Bruce: What I'm getting from that Ryan is, this can't be a one size fits all. You can't just say, Hey, we're an organization of choice, we're a talent magnet, like the good old days of the 90s. This is about very personalized experiences, having enough on offer to attract many, many different people and retain them. You can't just put out one message, right? It has to be far more personalized there. So to do that, you really need to understand who your, in this time, consumers are, right?

Ryan: Well, that magnet thing has changed. I mean, again, think about the fact that we're hiring beyond boundaries now. We've proven that we can work wherever. We've proven that we can work kind of whenever. And now it's up to employers I think, in that TalentSumer kind of mindset, to trust employees. If you're going to deliver, I'm going to pay you and reward you, and you can kind of do what you want. And I think it used to be about, I'm going to live in the Silicon Valley, or I'm going to live in Chicago or I'm going to live in New York and that's part of my identity. And that's part of the retention strategy too. It's hard to leave, it's hard to go find another job.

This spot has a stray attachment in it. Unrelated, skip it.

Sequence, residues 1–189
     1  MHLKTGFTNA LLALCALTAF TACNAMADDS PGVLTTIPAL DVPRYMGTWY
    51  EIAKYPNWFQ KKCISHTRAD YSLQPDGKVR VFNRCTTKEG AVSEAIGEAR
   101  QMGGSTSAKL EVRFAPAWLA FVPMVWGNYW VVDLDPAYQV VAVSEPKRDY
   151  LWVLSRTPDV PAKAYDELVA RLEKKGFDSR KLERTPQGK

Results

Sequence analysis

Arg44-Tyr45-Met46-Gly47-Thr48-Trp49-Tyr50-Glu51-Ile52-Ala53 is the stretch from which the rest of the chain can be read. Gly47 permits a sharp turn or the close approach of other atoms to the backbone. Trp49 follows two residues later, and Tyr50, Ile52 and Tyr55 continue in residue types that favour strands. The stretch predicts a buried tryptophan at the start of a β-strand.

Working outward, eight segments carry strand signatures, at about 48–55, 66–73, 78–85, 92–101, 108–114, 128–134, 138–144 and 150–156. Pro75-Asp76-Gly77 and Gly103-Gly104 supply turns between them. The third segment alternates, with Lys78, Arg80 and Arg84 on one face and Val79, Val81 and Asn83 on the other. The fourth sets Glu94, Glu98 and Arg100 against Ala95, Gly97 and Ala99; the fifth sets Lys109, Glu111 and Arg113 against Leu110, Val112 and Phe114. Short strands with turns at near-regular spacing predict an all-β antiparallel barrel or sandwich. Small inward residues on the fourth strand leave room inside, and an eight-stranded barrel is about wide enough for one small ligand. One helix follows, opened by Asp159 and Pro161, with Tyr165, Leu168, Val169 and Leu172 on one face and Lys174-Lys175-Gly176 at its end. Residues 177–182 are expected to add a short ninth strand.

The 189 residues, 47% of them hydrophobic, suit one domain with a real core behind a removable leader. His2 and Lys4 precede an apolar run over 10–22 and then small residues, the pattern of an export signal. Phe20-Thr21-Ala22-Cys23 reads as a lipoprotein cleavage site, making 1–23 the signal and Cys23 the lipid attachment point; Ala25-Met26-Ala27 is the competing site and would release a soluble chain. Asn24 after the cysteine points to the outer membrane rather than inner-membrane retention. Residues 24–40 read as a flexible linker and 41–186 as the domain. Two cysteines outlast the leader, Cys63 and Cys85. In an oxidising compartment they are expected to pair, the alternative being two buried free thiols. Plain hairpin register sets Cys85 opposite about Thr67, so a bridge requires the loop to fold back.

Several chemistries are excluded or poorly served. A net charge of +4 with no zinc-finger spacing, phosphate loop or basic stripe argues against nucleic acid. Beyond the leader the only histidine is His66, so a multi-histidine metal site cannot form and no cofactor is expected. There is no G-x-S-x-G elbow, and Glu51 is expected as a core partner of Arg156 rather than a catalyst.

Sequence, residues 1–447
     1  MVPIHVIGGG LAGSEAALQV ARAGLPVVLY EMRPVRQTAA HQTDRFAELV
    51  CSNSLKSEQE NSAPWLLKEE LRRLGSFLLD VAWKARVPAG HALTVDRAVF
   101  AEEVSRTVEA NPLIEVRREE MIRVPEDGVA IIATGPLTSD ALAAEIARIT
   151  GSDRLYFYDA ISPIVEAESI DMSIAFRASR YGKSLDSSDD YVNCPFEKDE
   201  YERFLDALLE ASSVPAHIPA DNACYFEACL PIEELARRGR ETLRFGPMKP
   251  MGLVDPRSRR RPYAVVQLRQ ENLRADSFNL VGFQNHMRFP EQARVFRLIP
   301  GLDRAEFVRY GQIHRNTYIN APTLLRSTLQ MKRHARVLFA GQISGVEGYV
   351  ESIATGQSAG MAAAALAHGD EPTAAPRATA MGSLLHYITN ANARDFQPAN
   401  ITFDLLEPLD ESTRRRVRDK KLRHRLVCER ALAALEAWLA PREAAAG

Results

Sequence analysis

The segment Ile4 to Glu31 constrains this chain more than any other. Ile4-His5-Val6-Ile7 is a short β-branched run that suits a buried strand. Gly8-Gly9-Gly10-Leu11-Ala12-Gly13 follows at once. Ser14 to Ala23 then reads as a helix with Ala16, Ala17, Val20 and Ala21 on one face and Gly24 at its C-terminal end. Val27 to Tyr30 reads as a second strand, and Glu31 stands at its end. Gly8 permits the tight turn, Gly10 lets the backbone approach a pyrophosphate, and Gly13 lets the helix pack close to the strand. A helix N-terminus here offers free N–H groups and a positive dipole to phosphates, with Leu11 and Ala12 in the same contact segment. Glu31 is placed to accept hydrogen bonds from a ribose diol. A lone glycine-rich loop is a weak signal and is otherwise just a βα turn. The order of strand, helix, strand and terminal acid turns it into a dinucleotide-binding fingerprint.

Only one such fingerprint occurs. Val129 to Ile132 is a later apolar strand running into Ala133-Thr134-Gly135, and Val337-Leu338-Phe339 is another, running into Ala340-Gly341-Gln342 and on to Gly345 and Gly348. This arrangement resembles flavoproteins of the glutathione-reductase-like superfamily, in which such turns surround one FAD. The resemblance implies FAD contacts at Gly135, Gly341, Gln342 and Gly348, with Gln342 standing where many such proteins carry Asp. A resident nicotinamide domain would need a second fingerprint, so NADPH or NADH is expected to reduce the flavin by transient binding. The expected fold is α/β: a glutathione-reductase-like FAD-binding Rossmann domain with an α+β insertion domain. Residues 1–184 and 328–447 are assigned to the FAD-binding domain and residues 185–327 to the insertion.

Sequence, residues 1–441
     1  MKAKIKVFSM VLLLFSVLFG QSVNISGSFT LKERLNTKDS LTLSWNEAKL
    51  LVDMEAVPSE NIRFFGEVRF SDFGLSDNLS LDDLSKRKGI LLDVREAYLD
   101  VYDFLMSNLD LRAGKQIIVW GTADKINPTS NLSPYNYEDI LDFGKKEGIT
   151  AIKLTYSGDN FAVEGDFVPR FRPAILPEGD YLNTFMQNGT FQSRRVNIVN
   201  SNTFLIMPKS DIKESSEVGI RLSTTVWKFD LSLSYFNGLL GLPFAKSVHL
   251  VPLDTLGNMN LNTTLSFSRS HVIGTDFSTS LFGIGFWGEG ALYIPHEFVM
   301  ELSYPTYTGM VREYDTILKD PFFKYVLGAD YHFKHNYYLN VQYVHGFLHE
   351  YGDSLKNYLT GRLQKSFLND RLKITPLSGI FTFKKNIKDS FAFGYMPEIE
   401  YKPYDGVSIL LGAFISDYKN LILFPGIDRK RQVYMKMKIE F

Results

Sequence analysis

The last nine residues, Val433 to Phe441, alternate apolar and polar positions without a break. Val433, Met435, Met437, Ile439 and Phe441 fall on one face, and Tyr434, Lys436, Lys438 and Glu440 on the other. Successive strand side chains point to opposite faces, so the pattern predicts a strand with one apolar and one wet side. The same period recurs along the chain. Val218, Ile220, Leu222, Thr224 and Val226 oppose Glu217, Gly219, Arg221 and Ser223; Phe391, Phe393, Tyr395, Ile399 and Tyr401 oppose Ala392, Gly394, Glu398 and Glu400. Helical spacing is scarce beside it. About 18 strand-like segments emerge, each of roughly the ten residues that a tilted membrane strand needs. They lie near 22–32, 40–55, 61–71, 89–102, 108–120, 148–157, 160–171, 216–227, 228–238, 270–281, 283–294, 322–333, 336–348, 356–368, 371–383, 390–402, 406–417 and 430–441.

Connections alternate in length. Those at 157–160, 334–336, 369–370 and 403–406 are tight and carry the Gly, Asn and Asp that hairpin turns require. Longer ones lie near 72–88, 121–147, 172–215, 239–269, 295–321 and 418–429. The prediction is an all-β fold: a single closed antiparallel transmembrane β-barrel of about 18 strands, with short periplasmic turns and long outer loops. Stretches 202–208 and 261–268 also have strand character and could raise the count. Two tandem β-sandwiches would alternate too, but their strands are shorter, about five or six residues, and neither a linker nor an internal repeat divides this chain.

Pretty easy to go find another job now, because my market just got a whole lot bigger and it makes it that much more, I think, important for organizations to pay attention to how they're treating their employees. What freedoms they're giving for them. And also measuring the performance and success that those employees are bringing to the table and making sure that they clearly understand how folks are contributing to the bigger experience.

Bruce: Yeah. There's a big theme of transparency coming through all of this. So let's dig into some real-world examples. Can you share how One North have helped organizations overcome some of these employer branding challenges?

Ryan: Yeah. One of the companies that we work with is Facebook. We've been working with Facebook's recruiting and talent brand organization for the last couple of years. And the nice thing about that relationship is we've had a couple of big meaty things with them, but we've also worked on a wide variety of different initiatives. And I can't comment specifically on exact things that we've done. I can say that the kinds of things that we've done with them have been everything from specific recruiting initiatives around specific talent. You know, we need this exact skillset, we're going to create a campaign for this exact skillset. Not only that we're going to create an experience around this exact skillset and create a digital footprint and create an entry point for people that just do this one very specific thing.